I’m not a proponent of multiple apps, but this device deserves a standalone app. Just tapping multiple menus four times requires a lot of scrolling to get to your monitor’s dashboard, but this is not a user-friendly experience.

The Alexa app displays settings for using the Alexa voice feature in addition to the air quality dashboard.

As I mentioned earlier, my other complaint is the lack of home automation. This is a smart air quality monitor that is not very smart.It works with Alexa routine (An automatic shortcut that helps connected devices work together), but the only trigger it provides is temperature. There are five sensors here, but only one can tell other devices in the house to turn them on or off. (This also applies to all other air quality monitors that can connect to Alexa, which indicates that Amazon has platform work to do to enable it).

It’s much easier to recommend if smart monitors can also affect humidity, VOCs, COs, and particulate matter. Amazon says it is working on adding this feature, but until it arrives, the device is limited as a smart air quality monitor.

I have set up a routine to activate the fan of the HVAC system when the kitchen temperature exceeds 75 degrees between 5 pm and 8 pm during normal cooking. I waited 20 minutes for the routine and then set the fan back to automatic. This worked fine.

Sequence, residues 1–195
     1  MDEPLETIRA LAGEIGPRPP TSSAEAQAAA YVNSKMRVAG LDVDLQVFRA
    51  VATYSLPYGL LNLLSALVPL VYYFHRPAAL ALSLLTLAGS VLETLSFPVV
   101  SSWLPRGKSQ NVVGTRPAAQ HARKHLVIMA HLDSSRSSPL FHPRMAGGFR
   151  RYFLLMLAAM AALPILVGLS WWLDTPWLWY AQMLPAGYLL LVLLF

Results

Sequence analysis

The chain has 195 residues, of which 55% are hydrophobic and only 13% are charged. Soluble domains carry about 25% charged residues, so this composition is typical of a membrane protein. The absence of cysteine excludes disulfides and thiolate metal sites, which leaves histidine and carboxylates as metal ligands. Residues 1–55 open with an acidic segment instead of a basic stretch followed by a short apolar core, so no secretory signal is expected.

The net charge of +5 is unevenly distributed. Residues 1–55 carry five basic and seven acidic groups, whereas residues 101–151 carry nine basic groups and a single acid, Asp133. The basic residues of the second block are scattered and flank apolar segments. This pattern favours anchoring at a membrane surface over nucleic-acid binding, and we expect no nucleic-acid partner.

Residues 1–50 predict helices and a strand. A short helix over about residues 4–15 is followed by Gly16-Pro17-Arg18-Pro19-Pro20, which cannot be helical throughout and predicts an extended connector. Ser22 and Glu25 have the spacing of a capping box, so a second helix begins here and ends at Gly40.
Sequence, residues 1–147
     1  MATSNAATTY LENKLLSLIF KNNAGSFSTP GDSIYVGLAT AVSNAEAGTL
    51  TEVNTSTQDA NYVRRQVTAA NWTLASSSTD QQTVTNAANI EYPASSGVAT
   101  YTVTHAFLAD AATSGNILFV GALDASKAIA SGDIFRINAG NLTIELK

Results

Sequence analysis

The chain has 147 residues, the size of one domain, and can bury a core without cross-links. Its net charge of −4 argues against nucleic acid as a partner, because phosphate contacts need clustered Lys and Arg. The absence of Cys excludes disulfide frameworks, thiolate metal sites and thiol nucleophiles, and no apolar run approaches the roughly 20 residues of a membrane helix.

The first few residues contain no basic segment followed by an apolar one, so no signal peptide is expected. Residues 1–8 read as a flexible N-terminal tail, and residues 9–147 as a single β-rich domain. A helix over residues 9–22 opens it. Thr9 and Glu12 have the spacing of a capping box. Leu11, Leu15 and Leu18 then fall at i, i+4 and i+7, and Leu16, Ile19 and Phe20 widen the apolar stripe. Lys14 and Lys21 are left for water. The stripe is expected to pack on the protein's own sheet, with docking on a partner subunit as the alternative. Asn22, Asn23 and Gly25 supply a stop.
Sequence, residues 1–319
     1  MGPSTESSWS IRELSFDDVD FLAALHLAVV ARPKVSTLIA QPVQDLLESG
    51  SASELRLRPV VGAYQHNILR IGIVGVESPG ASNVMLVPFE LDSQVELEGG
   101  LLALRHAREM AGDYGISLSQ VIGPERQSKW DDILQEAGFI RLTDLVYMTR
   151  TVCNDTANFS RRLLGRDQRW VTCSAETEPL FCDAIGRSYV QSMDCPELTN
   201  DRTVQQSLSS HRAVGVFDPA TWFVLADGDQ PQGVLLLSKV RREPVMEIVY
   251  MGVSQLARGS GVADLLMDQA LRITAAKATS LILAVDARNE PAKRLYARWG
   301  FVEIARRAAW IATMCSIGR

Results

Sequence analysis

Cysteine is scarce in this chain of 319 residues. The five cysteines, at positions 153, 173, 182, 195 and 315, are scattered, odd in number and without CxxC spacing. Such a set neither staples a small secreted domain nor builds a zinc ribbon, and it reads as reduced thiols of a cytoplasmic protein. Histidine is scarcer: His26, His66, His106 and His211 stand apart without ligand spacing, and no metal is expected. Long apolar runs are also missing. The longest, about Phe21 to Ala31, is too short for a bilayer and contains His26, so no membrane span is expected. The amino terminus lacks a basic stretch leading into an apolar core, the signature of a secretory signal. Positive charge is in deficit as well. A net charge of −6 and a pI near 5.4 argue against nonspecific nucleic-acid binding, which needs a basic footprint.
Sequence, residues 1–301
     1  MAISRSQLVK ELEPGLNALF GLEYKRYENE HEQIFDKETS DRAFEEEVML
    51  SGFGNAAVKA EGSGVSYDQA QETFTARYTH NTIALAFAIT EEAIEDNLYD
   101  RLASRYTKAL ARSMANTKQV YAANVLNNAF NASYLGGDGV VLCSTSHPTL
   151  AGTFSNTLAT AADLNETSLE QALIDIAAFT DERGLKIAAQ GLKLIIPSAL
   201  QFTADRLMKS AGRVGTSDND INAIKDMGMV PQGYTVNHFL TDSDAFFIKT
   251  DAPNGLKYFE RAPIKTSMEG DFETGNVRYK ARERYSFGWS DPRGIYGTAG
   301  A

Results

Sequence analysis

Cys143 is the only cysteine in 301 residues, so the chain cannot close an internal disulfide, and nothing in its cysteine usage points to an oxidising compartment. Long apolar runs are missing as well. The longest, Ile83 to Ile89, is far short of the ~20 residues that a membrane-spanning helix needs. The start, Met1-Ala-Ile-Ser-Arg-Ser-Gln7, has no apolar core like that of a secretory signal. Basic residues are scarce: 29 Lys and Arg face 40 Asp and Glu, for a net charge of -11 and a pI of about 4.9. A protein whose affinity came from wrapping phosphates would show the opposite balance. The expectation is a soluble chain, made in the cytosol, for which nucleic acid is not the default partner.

The smart monitor comes with a long cable and a power adapter.

Another use case for temperature triggers is as a room sensor for smart thermostats running on Alexa. Amazon smart thermostat. But other room sensors for smart thermostats ( Ecobee When Nest), Functions are limited. You cannot set conditions outside of hours, such as running a routine only when room movement is detected or when the light is on. That is, it can heat or cool an empty room.

A smart monitor is basically an Alexa / Echo home companion device, not a stand-alone air quality monitor. Amazon designed this primarily for audio and visual indicators, not apps. This approach is fine if you have an Echo Show, but not very useful otherwise. (Amazon offers a value bundle that includes Smart Monitor and Echo Dot or Echo Show 5).

If you have an Echo Show, such as the Amazon Smart Thermostat, and are interested in the height of particulate matter, you may be able to take advantage of the Amazon Smart Air Quality Monitor. Otherwise, it’s not very effective, so there’s no compelling reason to pick it up — yet.

Photo of Jennifer Pattison Tuohy / The Verge